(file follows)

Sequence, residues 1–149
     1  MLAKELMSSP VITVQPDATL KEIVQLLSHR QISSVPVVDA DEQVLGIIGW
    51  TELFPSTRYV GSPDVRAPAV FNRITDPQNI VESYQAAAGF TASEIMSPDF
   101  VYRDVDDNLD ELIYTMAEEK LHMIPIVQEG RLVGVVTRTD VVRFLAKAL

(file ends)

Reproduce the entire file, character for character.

Sequence, residues 1–149
     1  MLAKELMSSP VITVQPDATL KEIVQLLSHR QISSVPVVDA DEQVLGIIGW
    51  TELFPSTRYV GSPDVRAPAV FNRITDPQNI VESYQAAAGF TASEIMSPDF
   101  VYRDVDDNLD ELIYTMAEEK LHMIPIVQEG RLVGVVTRTD VVRFLAKAL